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Comment & Response
October 2014

Treating Idiopathic Intracranial Hypertension—Reply

Author Affiliations
  • 1Department of Neurology, University of Iowa, Iowa City
  • 2School of Medicine and Dentistry, University of Rochester, Rochester, New York
  • 3Department of Neurology, University of Rochester Medical Center, Rochester, New York
  • 4Division of Neuro-Ophthalmology, Roosevelt Hospital, New York, New York

Copyright 2014 American Medical Association. All Rights Reserved. Applicable FARS/DFARS Restrictions Apply to Government Use.

JAMA Neurol. 2014;71(10):1327-1328. doi:10.1001/jamaneurol.2014.2363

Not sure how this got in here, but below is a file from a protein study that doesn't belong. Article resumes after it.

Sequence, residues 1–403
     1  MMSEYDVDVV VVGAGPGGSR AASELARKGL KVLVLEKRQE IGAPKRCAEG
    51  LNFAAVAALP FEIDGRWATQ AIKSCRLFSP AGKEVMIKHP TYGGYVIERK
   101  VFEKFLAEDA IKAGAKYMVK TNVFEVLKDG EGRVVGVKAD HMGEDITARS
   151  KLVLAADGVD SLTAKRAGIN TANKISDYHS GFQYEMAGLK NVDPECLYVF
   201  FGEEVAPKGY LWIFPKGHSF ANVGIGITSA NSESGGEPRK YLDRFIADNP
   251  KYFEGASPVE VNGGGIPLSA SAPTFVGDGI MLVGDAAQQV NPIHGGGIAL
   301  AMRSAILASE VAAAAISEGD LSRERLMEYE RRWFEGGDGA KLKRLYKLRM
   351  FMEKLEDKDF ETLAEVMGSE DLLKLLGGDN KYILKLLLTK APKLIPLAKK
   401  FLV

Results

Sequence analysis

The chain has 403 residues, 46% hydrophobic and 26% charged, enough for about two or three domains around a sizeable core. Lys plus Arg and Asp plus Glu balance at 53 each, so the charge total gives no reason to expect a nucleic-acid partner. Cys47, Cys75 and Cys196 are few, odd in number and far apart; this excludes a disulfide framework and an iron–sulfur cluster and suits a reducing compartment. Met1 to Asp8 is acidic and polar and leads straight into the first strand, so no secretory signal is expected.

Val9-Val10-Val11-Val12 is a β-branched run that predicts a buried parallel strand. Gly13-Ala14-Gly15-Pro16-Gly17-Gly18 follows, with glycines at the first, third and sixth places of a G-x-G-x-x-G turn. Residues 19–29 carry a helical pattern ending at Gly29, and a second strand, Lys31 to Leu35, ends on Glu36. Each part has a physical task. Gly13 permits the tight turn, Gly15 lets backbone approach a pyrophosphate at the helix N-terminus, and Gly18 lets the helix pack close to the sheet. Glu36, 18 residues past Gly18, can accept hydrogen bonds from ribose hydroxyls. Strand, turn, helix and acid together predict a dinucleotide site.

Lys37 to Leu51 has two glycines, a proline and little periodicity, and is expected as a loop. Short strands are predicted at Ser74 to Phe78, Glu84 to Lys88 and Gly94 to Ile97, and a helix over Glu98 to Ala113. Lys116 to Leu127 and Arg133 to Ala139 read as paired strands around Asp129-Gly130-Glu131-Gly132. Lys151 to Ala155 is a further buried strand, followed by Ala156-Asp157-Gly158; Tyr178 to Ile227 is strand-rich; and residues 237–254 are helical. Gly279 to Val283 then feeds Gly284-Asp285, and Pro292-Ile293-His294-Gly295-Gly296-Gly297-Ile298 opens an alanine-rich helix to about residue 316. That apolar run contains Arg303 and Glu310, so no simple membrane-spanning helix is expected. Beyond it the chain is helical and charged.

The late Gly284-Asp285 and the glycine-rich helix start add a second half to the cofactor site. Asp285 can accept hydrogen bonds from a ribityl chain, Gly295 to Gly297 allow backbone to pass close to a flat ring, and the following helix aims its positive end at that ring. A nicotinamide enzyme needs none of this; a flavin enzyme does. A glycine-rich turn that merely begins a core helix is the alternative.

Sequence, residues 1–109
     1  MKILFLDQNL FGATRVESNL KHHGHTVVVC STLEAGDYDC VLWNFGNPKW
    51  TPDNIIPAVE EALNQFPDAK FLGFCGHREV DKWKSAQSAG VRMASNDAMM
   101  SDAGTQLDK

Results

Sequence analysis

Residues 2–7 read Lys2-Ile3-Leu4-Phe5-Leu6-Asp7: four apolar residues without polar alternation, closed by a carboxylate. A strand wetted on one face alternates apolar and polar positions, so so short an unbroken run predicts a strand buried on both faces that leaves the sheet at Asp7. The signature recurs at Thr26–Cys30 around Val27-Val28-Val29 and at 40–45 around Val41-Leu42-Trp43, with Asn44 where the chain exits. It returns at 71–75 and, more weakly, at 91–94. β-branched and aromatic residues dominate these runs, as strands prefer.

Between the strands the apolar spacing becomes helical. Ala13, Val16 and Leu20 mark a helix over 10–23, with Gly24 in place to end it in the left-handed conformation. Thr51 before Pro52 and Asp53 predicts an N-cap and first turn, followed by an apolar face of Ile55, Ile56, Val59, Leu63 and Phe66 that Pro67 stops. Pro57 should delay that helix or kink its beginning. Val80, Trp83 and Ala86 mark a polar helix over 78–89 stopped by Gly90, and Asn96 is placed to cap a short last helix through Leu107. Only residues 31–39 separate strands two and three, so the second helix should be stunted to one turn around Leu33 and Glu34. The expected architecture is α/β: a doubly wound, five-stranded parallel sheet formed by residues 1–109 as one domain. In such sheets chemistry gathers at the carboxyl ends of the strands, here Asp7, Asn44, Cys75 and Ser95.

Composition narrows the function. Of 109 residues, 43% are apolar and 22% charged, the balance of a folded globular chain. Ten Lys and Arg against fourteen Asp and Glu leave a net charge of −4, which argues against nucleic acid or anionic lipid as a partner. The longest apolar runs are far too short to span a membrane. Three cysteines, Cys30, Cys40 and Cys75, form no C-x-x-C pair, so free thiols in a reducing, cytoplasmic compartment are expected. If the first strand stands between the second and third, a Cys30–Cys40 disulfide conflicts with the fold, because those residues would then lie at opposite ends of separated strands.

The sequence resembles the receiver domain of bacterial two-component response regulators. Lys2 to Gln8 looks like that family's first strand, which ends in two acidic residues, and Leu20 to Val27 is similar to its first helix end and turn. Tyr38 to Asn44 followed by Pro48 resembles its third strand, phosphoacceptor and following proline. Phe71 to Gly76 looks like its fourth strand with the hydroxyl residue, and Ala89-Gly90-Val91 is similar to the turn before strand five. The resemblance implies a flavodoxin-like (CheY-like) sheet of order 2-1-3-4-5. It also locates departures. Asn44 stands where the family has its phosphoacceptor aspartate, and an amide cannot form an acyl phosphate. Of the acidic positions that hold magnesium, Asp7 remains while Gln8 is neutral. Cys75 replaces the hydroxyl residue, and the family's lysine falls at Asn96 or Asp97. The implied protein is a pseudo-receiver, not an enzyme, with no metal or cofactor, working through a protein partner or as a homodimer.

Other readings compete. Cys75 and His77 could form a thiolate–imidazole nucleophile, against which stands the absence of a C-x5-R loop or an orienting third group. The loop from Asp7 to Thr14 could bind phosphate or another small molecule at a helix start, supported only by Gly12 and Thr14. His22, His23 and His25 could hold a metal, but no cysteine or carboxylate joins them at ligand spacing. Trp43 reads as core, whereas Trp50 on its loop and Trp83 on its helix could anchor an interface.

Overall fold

In Reply We thank Mollan and colleagues for their interest in our treatment trial.1 We were aware of the pilot study by Ball and colleagues.2 We stated that treatment of idiopathic intracranial hypertension is based on anecdotal and uncontrolled data because there were no properly designed and executed clinical trials to guide therapy prior to ours. We did not cite the Ball et al2 pilot work because its results were inconclusive with respect to efficacy owing to the small sample size and consequent low power. Indeed, Ball et al stated in the article that “[t]his pilot study was not powered to detect a treatment effect.”2 Also, 12 of 25 patients in the acetazolamide group stopped taking the medication during the study, a discontinuation rate of nearly 50%. Dosing schedules for acetazolamide were at the discretion of the supervising clinician and did not reach more than 1500 mg per day. Twenty percent of the participants in the control group were eventually given acetazolamide. No conclusions could be drawn from their trial because of these study design issues.

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